Of all of the naughty, mischievous, disrespectful, and downright horrible things that children can be, a badling is perhaps one of the worst. Badlings abandon books without finishing them, leaving their characters sad and lonely—not to mention angry. Meet Bells, Peacock, Rusty, and Grand, four ragtag friends convicted of this monstrous crime. As punishment, they get sucked into a book of unfinished stories, whose patchwork pages they must traverse...and read to the end this time.
What if you found a book stuck in dirt? Would you take a peek inside, or would you chuck it at innocent ducks that happened to waddle nearby? Poor ducks. You wouldn’t hurt them, would you? Because who throws books instead of reading them?
Meet Belladonna Monterey, or Bells, as she’d like you to call her—she has decided that Belladonna was too pompous a name for a scientist. See her dark flashing eyes? Her ponytail all askew? Don’t try talking to her, lest you want to be throttled.
On this sunny September morning Bells was mad. Mad at her mother, the famous opera singer Catarina Monterey, for calling her a “poor scientist.” The argument started with Bells refusing to go to her Saturday choir practice and escalated further into a shouting match when Bells declared that under no circumstances would she ever become a singer.
“So you want to be a poor scientist?” said Catarina, hands on her hips. It was her usual intimidating pose mimicked by Bells’ little sister Sofia from behind her mother’s back.
“What does it matter if I’m poor?” asked Bells, stung to the core.
Sofia stuck out her tongue.
Bells ignored it, refusing to descend to the level of an eight-year-old.
“Oh, it matters a great deal,” replied Catarina. “How do you propose to make a living? You have seven years left until you’re on your own, Belladonna, and every year is precious.”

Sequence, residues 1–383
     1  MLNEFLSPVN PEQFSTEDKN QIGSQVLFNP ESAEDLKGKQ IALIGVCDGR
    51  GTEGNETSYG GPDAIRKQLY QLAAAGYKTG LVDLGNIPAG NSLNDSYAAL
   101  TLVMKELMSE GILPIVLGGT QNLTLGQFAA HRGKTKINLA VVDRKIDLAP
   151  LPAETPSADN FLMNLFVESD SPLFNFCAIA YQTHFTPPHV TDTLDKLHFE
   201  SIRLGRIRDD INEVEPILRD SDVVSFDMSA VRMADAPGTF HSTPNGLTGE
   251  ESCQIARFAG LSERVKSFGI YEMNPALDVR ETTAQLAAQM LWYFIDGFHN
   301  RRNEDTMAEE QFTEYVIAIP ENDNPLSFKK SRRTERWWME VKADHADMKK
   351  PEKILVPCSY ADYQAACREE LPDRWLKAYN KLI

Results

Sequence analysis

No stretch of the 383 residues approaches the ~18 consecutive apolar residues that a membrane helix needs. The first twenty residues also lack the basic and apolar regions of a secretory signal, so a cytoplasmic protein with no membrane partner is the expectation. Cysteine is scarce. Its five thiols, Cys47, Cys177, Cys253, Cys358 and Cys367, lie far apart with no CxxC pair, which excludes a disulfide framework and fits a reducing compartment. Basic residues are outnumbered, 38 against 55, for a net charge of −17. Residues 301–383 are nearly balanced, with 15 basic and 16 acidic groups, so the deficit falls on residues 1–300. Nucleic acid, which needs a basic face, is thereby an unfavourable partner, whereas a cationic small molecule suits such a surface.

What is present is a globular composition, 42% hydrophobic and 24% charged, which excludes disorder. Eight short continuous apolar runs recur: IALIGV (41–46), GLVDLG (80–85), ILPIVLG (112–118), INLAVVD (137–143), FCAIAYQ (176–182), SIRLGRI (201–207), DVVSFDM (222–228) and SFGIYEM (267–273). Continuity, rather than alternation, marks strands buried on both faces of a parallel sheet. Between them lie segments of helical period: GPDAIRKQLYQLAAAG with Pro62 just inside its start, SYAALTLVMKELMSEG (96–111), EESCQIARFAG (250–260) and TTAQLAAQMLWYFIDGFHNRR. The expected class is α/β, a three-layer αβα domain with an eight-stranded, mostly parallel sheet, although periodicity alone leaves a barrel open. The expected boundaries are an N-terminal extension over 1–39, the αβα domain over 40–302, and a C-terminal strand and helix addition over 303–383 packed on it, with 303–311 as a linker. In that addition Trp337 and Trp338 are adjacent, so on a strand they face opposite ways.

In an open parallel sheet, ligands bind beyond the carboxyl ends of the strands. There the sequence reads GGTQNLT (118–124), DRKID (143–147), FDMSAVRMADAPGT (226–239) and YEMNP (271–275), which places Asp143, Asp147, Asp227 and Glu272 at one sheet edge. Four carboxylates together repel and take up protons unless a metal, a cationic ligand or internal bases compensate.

“I told you I don’t like that name. Call me Bells.”
Her mother’s lips pressed together. “As I was saying, Belladonna, every year is precious. I’ve picked out an excellent stage name for you, and I expect you to thank me.” Her demeanor softened. “You are destined to become a star, with my talent running in your blood. If you stop practicing now, you might never develop your voice.”
“I don’t want to develop a voice,” grumbled Bells.
“You’re a girl!” cried Catarina. “What future do you think you have in science?”
“Why does it matter that I’m a girl? I certainly have no inclination toward prancing around in some stupid medieval dresses and hollering my lungs out like you do.” As soon as she said it, she regretted it.
Her mother looked hurt. “Is that what you think I do? Holler my lungs out?”
“I hate dresses,” said Bells stubbornly. “I hate singing. I hate it that I’m a girl. I want to do science. Stop sticking your tongue out!” That last bit was directed toward Sofia.
“Mom, Belladonna is being mean,” she whined.
“Shut up,” said Bells.
“You shut up.”
“Don’t pester your sister,” snapped Catarina. “Look at her. She’s younger than you, but she has the presence of mind to follow my advice.”
Sofia flashed a triumphant smile and twirled, showing off her gaudy pink dress, the type their mother liked to buy for both of them. Bells made a gagging noise. She hated pink or anything decidedly girly. She made sure to never wear dresses, and if she absolutely had to, she smeared them with mud so thoroughly, her mother would pronounce them ruined.
“Well,” relented Catarina, “if being a scientist is what you want to do, that is your choice. Go ahead. But don’t come crawling back to me asking for money.”
“Mom, I’m only eleven!”
“At your age I was already working, modeling and making a considerable sum from every photo shoot.”
“I don’t want my face plastered on a can of macaroni, thank you very much,” said Bells.
“I want to be a model,” said Sofia.
Bells made a strangling motion that sent Sofia behind her mother’s skirt.